Cookware makes a great holiday gift, and if you’re shopping for nonstick pans, you might notice labels saying the pans are nontoxic and made without dangerous chemicals. But can these claims be trusted?
Consumer Reports wondered the same thing and tested three recommended nonstick pans to find out.
For decades PFAS, also known as "forever chemicals," have been widely used in nonstick cookware.
But in recent years researchers have linked PFAS to a growing list of health problems, including liver damage, lower immunity in kids, and certain cancers.
Using pans with these chemicals could expose you to PFAS, especially if pans are scratched or overheated.
Many newer nonstick pans are claimed to be free of some of the most widely known PFAS, including PFOA. But are they really free?
Consumer Reports wanted to find out.
CR tested two ceramic-coated pans, the Our Place Always Pan and the Red Copper pan, and one with a traditional nonstick coating made from PTFE, the Swiss Diamond pan, which came with a "PFOA-free" claim.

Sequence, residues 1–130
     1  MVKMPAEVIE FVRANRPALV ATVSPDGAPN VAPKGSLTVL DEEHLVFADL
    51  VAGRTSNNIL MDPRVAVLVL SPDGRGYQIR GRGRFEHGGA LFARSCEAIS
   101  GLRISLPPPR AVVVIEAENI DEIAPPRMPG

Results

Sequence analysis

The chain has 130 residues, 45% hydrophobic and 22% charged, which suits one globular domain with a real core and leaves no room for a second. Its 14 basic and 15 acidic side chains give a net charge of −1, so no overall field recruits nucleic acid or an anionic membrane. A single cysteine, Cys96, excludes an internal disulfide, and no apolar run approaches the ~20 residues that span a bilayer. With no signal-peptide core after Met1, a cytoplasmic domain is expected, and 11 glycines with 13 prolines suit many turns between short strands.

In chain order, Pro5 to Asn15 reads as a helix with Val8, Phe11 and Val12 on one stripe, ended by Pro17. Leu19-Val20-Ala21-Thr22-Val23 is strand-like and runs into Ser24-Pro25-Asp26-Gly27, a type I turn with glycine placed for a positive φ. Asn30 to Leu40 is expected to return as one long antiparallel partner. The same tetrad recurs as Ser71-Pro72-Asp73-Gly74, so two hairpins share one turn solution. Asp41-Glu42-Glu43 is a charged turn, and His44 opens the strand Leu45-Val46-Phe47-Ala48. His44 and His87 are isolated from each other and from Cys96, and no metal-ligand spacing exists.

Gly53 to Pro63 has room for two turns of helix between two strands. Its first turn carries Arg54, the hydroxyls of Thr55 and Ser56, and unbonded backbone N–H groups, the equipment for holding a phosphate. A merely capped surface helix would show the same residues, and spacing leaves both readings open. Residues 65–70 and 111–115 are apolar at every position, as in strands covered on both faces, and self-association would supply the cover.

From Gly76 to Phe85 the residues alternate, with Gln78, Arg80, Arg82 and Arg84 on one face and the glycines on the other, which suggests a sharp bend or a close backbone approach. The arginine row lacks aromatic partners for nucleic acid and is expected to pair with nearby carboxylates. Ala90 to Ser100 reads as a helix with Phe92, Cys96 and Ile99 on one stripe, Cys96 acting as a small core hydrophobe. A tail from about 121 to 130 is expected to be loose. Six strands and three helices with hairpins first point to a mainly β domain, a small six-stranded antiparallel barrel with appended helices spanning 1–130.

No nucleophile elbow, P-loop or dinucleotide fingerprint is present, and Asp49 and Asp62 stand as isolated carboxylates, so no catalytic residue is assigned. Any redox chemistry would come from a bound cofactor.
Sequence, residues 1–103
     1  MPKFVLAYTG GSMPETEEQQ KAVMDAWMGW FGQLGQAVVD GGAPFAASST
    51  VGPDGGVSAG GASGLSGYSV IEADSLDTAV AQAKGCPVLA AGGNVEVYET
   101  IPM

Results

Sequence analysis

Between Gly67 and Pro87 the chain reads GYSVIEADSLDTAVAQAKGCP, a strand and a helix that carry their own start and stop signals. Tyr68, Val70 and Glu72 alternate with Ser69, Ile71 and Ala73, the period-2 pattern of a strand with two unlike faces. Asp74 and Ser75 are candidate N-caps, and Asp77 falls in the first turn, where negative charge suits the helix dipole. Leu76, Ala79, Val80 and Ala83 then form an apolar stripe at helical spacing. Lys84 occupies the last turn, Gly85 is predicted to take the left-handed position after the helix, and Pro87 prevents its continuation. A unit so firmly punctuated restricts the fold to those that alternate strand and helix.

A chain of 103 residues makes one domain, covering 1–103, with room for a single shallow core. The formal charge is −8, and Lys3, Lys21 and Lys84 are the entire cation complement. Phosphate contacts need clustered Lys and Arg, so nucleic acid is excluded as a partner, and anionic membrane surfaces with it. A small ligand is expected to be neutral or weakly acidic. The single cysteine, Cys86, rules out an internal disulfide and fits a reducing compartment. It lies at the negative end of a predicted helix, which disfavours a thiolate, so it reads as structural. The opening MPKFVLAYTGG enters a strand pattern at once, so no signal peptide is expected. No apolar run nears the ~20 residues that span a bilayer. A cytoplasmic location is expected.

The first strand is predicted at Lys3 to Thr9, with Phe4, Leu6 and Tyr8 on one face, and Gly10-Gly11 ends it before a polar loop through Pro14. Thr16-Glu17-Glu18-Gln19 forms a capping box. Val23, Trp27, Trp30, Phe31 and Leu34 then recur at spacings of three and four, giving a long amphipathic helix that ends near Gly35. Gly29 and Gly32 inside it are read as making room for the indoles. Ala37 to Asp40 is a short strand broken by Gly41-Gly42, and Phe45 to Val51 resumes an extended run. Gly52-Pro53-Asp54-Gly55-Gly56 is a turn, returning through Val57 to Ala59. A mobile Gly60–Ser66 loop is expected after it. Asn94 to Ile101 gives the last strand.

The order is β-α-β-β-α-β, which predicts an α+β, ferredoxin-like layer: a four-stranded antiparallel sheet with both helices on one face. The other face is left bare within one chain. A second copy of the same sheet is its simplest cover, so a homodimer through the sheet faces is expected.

The testing is intense, requiring hours of work by specially trained technicians using a rotating tool, scraping coatings from 30 samples of the three pans.
The samples were tested for 96 different PFAS chemicals, including PFOA.
The two ceramic pans didn’t contain any of the 96 PFAS CR testers looked for. It was a different story for the PTFE-coated pan.
CR’s tests found that the Swiss Diamond pan had measurable amounts of PFOA and several other PFAS.
Swiss Diamond’s U.S. distributor challenged CR’s results, saying that the manufacturer had used PFOA-free raw materials since 2007 and that the high temperatures used in the coating process would remove any PFOA.
To avoid PFAS in your cookware, CR recommends buying products with "PTFE-free claims," such as pans with ceramic coatings.
Uncoated pans made from carbon steel and cast iron can be good options, too.
Other ways to avoid PFAS include testing your drinking water and using a water filter certified to reduce PFAS.
And avoid stain-resistant clothes.
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